mail server setup
janina at rednote.net
Mon Jan 11 14:43:37 EST 2016
I've got my crm set up via my personal ~/.procmailrc . It can also be
setup system wide, however I haven't needed that recently.
The crm home page does discuss site wide deployment:
I note one can even use it with Spamassassin. I didn't go that way. I
dropped Spamassassin because it was spawning far too many processes that
were absorbing far too much of my available system resources, so that
other tasks on my server were suffering.
Am I completely happy with the results? No. I still get too many false
positives and consequently still need to look at my spam folder from
time to time. I've white-listed many more email sources than I would
However, I see no more than a dozen or so emails in my inbox daily, and
that's a big improvement over what I was getting from Spamassassin.
covici at ccs.covici.com writes:
> How would you use crm114 for spam filtering? Also, I am unfamiliar with
> dkim and dmark, -- I do have sendmail -- how would those help?
> Janina Sajka <janina at rednote.net> wrote:
> > Juan Hernandez writes:
> > > I need webmail, imap, virtual domains, spam/antivirus protection, etc.
> > Let's take them one at a time ...
> > webmail
> > This one is easy. Go with squirrelmail .
> > imap
> > Another easy one, dovecot .
> > virtual domains
> > Any mta worth its salt will give you this. It's pretty trivial, e.g. in
> > sendmail you simply add domains into a config file, one per line. If
> > need be, you can get more elaborate, e.g. direct mail addressed to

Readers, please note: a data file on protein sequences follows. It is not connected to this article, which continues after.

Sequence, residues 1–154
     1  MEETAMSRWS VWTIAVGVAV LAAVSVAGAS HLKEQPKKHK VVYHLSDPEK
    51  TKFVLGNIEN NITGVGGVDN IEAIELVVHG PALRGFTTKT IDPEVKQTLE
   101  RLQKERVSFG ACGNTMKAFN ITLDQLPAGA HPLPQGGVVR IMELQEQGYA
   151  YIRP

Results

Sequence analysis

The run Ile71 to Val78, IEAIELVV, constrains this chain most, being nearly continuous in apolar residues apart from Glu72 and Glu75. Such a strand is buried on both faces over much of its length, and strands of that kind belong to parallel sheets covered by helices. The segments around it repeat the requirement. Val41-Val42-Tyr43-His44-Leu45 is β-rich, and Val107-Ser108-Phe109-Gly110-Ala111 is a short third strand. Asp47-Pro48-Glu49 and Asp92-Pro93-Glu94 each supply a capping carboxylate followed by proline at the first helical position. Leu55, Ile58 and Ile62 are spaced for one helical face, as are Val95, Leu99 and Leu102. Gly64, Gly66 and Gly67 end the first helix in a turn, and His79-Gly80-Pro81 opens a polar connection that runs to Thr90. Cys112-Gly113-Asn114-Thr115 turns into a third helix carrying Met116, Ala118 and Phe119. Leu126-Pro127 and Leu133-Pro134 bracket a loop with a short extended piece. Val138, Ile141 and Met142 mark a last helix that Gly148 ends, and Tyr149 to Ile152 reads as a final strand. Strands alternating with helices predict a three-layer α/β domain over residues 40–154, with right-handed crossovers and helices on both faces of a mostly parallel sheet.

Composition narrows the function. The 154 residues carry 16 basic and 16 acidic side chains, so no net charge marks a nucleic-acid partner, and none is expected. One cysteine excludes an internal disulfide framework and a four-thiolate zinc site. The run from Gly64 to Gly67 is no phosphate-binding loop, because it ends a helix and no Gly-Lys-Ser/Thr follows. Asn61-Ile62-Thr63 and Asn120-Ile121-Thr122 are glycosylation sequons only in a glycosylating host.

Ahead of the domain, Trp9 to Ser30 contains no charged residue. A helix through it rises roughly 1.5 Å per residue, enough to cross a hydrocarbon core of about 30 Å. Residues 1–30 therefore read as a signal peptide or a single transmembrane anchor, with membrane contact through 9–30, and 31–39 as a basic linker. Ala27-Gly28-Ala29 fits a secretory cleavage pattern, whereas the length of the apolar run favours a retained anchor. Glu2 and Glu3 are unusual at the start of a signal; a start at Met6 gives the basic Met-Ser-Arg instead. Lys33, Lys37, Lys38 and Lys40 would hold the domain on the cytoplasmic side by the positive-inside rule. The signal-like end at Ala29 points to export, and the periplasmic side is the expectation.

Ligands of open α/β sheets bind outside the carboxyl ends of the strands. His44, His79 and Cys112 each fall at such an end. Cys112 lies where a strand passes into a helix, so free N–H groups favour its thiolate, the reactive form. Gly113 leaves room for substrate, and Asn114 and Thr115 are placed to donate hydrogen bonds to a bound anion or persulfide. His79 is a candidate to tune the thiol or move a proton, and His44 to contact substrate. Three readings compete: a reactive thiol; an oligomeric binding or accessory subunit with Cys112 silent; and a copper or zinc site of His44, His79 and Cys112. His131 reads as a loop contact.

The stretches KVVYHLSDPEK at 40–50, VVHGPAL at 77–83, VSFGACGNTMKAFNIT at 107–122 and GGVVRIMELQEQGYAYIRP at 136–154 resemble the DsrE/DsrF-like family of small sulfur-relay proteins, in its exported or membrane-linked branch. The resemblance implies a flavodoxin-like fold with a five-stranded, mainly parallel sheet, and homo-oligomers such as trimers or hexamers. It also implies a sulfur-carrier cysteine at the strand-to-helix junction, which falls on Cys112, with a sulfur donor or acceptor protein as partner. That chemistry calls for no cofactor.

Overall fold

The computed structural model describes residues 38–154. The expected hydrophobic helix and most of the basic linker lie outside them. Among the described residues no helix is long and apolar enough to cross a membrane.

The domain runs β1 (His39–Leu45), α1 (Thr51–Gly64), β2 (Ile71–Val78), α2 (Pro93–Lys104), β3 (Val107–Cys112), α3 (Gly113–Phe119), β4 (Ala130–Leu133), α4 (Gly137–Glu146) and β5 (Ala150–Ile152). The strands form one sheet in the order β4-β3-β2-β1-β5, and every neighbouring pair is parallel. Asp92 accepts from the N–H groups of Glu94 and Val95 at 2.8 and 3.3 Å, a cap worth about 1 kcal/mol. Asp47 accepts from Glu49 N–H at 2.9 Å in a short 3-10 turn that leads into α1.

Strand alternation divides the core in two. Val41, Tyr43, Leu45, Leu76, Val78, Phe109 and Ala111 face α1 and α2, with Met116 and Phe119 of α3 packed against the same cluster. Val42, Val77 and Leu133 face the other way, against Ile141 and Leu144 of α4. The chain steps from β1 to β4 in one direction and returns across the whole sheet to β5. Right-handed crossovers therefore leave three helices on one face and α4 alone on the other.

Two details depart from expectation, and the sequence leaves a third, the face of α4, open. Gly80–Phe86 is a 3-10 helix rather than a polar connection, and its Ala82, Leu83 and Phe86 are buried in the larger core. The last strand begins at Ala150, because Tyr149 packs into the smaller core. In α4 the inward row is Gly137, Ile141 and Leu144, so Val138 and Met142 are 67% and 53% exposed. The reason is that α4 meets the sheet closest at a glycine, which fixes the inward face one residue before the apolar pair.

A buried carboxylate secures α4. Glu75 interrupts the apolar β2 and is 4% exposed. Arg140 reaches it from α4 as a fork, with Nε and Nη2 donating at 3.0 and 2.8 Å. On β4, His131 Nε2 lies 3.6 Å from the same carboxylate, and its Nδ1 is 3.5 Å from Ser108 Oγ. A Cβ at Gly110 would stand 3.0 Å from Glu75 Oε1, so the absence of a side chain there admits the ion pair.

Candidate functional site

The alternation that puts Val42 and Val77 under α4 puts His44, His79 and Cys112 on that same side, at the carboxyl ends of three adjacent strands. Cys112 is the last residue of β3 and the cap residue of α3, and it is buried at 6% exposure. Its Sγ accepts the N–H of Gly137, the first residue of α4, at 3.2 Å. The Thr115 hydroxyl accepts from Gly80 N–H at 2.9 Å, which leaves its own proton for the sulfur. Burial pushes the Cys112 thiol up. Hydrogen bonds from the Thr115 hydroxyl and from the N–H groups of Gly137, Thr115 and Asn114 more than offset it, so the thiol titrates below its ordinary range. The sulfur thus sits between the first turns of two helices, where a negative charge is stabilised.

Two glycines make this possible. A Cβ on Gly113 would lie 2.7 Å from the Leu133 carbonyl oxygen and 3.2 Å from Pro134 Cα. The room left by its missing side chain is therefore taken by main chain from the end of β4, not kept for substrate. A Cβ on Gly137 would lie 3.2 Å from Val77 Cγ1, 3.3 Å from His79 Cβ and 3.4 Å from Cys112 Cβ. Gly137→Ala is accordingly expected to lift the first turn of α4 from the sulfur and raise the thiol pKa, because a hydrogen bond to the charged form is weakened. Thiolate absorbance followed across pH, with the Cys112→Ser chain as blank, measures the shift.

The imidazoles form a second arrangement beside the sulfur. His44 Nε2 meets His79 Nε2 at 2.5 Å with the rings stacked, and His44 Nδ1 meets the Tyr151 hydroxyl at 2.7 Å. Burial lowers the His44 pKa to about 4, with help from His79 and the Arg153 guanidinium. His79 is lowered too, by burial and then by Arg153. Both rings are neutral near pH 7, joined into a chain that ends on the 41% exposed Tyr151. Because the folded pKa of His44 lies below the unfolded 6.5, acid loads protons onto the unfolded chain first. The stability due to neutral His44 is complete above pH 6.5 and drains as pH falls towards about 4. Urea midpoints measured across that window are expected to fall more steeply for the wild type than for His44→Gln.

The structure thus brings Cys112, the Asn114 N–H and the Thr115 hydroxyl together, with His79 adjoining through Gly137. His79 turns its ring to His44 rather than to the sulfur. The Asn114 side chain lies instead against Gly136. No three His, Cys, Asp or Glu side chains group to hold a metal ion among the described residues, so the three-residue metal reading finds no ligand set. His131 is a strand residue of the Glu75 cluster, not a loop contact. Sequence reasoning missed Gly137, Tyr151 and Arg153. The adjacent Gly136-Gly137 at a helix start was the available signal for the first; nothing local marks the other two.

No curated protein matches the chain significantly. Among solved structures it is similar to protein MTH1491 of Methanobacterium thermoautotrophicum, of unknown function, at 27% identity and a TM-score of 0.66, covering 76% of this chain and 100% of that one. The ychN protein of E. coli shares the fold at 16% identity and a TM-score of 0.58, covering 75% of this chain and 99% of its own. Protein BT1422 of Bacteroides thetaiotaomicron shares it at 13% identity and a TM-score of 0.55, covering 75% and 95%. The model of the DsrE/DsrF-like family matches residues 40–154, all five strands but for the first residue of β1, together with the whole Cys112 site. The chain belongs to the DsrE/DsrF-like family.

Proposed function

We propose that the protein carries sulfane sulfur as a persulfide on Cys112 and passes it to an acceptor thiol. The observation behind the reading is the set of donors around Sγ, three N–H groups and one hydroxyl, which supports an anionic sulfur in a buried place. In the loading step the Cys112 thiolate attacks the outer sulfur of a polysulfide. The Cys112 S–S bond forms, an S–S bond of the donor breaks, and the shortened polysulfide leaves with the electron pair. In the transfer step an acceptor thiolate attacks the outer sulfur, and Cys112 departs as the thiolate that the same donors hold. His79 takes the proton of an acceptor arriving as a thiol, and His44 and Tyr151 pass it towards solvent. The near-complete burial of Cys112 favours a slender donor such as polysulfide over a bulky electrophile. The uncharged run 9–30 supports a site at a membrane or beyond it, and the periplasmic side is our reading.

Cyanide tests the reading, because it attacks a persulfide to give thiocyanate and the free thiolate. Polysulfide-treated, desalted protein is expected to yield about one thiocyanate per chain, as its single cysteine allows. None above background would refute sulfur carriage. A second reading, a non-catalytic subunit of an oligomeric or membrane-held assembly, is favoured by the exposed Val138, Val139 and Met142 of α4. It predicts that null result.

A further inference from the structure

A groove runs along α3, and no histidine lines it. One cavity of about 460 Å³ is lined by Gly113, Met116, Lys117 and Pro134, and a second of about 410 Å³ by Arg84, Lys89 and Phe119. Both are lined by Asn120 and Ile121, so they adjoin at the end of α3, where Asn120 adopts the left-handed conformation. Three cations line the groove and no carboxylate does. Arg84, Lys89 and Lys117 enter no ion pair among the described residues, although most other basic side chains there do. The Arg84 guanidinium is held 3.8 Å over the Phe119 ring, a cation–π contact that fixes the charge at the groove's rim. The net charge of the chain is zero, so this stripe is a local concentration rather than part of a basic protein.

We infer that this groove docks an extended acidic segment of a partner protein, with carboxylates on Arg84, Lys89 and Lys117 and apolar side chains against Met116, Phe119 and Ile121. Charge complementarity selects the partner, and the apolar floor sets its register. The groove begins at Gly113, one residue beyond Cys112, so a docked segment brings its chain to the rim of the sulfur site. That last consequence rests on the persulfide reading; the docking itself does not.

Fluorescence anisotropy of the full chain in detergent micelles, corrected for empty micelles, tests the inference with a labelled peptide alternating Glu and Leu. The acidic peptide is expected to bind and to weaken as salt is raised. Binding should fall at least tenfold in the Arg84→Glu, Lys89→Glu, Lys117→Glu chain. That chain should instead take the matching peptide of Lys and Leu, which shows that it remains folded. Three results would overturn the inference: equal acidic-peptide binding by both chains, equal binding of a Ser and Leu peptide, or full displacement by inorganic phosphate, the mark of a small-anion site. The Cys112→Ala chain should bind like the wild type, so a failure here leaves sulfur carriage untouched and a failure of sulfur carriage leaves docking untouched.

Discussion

> > a at b.c. to d at e.f. It's all very doable.
> > spam/antivirus protection
> > This one is more complicated, and more important. I'm sure you're not
> > interested in becoming an open relay for every spammer on the planet?
> > So:
> > Antivirus -- You probably only care if you have users on Windows.
> > clamav is my choice for this, though mine is curently broken--I don't
> > have windows clients.
> > anti-spam -- much of this depends on a good mta configuration. Today's
> > mta's, you'll probably select either sendmail or procmail, set you up
> > by default with a pretty good configuration. You'll want to carefully
> > read your way through the config file to understand what's going on.
> > This is the starting point.
> > Next is the process of sorting the mail that arrives into "probably OK"
> > and "probably junk" piles. People used to rely on spamassassin for
> > that, but I found it far too resource heavy and stopped using it about
> > two years ago. I'm now using crm114. And, with Jason White, I'm looking
> > at possibly moving to rstampd .
> > In any case, you'll want to configure dkim and dmark for your mta.
> > These assist the net in assuring you and everyone else that what you
> > receive, and what you send is legit.
> > Spam is a never ending battle. Expect to need to work on your
> > configurations and approaches from time to time as the months and years
> > go by.
> > If this sounds daunting, that's probably good. It's not a trivial task,
> > but it can be fun and certainly can be rewarding. I certainly have no
> > interest in giving up my setup for some service somewhere else.
> > hth
> > Janina
> > --
> > Janina Sajka, Phone: +1.443.300.2200
> > sip:janina at asterisk.rednote.net
> > Email: janina at rednote.net
> > Linux Foundation Fellow
> > Executive Chair, Accessibility Workgroup: http://a11y.org
> > The World Wide Web Consortium (W3C), Web Accessibility Initiative (WAI)
> > Chair, Accessible Platform Architectures http://www.w3.org/wai/apa
> > _______________________________________________
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> Your life is like a penny. You're going to lose it. The question is:
> How do
> you spend it?
> John Covici
> covici at ccs.covici.com
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Janina Sajka, Phone: +1.443.300.2200
sip:janina at asterisk.rednote.net
Email: janina at rednote.net
Linux Foundation Fellow
Executive Chair, Accessibility Workgroup: http://a11y.org
The World Wide Web Consortium (W3C), Web Accessibility Initiative (WAI)
Chair, Accessible Platform Architectures http://www.w3.org/wai/apa
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